Halfdan W. Freihow, husband of Henni and father of Gabriel, the youngest of four children, is the author of SOMEWHERE OVER THE SEA: A FATHER’S LETTER TO HIS AUTISTIC SON. An intimately confessional memoir, just out, it takes the form of a letter from a father to his young autistic son (Gabriel is autistic) and is a testament to unconditional love and the parent-child relationship. Halfdan, who grew up in Mexico, Norway, Spain and Belgium, and now lives on an island off the west coast of southern Norway, has worked as a publisher, reporter, translator and literary critic. Please see http://halfdan.autisable.com.
As you well know, it’s a complete mystery to me why you have given up on your drawing activities. For many years, at least since you were six years of age, you would spend hours a day sitting hunched over a sheet of paper with your pencils and your eraser, your head cocked horizontally just an inch or two above the page, meticulously depicting the details of whatever motive you were trying to capture.
You were amazingly talented. I remember once when you were around ten. You came to us with a piece of paper so covered in drawn details that we had to struggle to identify them.
“Look,” you said.
We looked, and told you how impressed we were that you had managed to create a whole town, complete with windows in every building, streets with cars and pedestrians and advertising signs.
“No,” you said, “look better.”
We did, and discovered that behind the sprawling city there was a big park, a forest almost, with countless trees, each one equipped with numerous branches and thick foliage.
“Wow,” we said.
“No, you have to look better!”
OK, we thought, and brought the sheet under better light, and discovered that the trees were no mere blur of foliage, but, rather, that you somehow had found the patience to draw thousands of tiny leaves individually.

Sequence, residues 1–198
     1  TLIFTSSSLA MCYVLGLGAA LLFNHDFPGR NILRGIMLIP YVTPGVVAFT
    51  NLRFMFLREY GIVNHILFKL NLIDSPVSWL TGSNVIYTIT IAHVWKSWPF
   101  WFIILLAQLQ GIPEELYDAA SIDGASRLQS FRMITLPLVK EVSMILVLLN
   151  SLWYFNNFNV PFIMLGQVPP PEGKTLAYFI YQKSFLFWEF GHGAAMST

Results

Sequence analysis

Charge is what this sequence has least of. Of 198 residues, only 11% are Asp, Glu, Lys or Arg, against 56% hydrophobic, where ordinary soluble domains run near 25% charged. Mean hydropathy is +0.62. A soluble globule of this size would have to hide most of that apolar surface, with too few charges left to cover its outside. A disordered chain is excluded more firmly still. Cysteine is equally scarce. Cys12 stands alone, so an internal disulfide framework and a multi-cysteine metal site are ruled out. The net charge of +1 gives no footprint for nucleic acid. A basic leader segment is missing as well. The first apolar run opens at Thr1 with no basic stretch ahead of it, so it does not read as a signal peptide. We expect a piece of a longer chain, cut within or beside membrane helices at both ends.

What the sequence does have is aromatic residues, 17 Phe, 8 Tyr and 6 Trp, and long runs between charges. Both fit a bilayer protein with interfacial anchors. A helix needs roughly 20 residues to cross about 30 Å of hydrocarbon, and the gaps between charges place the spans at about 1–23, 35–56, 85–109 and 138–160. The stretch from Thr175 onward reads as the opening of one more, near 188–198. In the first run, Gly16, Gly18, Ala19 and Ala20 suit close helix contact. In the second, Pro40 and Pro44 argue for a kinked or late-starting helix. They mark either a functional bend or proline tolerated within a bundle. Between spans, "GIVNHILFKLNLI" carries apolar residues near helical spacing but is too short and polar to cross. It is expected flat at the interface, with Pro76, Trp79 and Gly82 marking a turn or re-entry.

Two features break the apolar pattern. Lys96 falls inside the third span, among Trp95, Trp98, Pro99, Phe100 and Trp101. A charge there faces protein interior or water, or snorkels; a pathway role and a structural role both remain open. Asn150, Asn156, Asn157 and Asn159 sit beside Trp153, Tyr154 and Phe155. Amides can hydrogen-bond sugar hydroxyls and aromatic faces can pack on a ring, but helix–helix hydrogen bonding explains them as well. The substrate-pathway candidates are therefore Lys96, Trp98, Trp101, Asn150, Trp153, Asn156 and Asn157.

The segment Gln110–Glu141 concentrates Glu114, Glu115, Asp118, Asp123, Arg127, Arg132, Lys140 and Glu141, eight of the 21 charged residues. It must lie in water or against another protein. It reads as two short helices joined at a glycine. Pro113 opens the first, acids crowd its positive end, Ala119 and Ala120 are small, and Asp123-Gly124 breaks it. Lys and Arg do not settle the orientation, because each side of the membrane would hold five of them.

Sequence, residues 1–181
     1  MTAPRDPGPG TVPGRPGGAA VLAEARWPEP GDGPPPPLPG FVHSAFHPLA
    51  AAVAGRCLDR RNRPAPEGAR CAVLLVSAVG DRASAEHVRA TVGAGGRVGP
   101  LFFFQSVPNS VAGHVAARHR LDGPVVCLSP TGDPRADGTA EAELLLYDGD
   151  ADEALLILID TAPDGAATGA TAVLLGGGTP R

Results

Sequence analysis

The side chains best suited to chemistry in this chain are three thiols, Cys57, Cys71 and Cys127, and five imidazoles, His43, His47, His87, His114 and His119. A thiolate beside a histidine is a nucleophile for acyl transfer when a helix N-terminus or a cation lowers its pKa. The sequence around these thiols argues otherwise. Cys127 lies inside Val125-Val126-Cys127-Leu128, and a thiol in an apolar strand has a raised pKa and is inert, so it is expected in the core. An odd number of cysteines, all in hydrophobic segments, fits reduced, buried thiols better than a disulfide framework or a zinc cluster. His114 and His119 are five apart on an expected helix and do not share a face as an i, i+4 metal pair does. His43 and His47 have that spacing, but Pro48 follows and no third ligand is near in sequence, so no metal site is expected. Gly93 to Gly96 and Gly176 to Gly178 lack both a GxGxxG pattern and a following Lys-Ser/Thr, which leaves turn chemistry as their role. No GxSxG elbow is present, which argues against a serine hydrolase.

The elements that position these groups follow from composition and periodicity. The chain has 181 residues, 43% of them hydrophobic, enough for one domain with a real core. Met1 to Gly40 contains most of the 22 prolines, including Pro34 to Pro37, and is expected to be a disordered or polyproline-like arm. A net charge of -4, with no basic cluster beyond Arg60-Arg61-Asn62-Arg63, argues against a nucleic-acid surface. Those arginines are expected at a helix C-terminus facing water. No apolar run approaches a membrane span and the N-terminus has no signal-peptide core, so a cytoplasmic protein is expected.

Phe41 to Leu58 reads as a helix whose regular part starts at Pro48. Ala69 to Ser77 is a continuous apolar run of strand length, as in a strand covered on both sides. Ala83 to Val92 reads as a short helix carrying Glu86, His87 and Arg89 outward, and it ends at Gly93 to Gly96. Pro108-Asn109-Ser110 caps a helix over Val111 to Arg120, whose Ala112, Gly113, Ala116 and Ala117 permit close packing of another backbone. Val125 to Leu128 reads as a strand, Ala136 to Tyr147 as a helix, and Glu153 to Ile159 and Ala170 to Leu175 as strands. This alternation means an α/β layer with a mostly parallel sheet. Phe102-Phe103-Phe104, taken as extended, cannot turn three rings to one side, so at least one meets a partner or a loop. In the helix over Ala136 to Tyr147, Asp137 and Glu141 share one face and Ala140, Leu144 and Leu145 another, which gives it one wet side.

“Unbelievable,” we said.
“No! Don’t you see?”
And then we did. Hidden in the dense foliage, on a small branch barely a half-inch long, two parrots sat facing each other. And so small that it almost took a magnifying glass to see it, we realized, they were both holding a knife and fork, and were sharing a delicate miniature meal.
At that point we had no words left to express our admiration.
This drawing now adorns the bedroom of your grandfather, who tells us that it still gives him a daily pleasure to study and decipher it.
You’re eighteen now, and I have no problems understanding that lots of other stuff appeals more to you than sitting by yourself and rendering on paper the world as you see it in all its glorious detail.
I’m also naturally delighted that you’re gradually taking your first cautious steps into a social life with friends. So while I privately miss your talented artistic depictions of the world surrounding you, it gives me great pleasure to assure you that as you gradually explore the vastness and wealth of social life, you’ll discover that it is as full of mesmerizing and surprising detail as even you could ever imagine in your parrot masterpiece.
P.S. – Please see this video of father and son:
P.S.S.– Please see guest column from Joe Scalia tomorrow.